Congress resolved this problem by developing a law which encouraged platforms to moderate the content on their services without fear of liability.  The law, which was passed as Section 230 of the Communications Decency Act, was included with an omnibus telecommunications reform package, the Telecommunications Act of 1996.  The statute has two primary components: It prohibits treating an interactive computer service as the publisher or speaker of user-generated content regardless of the editorial discretion the service takes, and encourages platforms to develop their own moderation standards. 
The first component, 47 USC § 230(c)(1) has been the primary focus of the courts as it provides interactive computer services immunity from litigation for the content their users.  The second component, 47 USC 230(c)(2), receives less attention but works in tandem to 230(c)(1).  Instead of blanket immunity, Congress designed this provision to encourage platforms to set their own content moderation standards.  These two provisions incentivize platforms to moderate content without fear that such moderation will lead to liability for their standards or for the content that remains on the service. If users or advertisers dislike the moderation practices of a given service, then they can choose to use a different service. This means that each individual service will craft policies that best meet the demands of their users.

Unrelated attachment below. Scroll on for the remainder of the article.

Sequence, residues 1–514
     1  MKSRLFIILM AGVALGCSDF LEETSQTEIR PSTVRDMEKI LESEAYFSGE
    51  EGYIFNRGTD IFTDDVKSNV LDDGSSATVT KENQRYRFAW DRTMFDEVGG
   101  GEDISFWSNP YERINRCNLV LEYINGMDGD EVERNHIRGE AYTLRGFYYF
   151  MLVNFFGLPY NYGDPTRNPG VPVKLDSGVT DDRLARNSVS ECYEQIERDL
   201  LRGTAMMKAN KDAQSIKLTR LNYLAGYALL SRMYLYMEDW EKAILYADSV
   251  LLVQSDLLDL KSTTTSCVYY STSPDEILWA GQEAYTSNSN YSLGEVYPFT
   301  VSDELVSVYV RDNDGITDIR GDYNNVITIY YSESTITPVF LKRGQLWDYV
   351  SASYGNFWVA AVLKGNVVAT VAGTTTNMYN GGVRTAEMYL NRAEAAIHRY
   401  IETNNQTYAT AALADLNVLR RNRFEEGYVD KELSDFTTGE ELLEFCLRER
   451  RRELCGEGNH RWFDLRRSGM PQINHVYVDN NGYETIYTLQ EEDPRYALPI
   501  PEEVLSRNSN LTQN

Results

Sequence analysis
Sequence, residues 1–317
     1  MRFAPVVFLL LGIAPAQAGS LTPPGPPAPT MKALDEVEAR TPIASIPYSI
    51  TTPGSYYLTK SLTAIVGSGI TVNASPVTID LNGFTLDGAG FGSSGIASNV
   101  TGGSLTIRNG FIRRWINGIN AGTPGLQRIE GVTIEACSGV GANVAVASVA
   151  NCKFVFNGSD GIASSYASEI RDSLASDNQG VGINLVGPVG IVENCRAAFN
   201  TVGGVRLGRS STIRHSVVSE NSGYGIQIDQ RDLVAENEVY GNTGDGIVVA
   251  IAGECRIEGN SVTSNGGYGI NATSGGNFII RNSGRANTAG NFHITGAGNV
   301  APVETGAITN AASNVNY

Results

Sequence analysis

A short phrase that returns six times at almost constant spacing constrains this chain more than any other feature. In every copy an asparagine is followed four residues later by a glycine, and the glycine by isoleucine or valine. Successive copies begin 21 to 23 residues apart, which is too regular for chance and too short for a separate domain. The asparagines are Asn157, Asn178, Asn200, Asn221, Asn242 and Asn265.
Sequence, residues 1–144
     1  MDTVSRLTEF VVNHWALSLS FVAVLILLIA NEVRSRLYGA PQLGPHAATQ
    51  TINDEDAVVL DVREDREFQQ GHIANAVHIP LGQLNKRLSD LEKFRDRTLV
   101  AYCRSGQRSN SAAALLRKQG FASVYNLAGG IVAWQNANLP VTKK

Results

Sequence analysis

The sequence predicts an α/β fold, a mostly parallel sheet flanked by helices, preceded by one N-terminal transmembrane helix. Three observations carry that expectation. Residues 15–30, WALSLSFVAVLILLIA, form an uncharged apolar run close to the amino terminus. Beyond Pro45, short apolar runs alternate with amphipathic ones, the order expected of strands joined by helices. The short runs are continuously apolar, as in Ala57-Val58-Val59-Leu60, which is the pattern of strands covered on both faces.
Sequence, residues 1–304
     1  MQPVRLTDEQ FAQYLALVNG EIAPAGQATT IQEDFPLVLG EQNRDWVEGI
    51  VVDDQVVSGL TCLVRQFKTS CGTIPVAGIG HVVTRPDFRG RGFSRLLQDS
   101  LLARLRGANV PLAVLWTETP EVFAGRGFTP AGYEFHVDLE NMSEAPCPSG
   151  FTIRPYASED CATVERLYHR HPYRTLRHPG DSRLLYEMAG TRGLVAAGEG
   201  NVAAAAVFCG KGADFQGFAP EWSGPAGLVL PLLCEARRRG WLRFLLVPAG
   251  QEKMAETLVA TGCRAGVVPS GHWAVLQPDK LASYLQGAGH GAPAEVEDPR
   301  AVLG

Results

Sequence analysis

Exceptions to Section 230 do exist, most notably in the context of intellectual property and the enforcement of federal crimes .  However, these protections remain a vital means for platforms to target harmful content while keeping speech they feel comfortable hosting.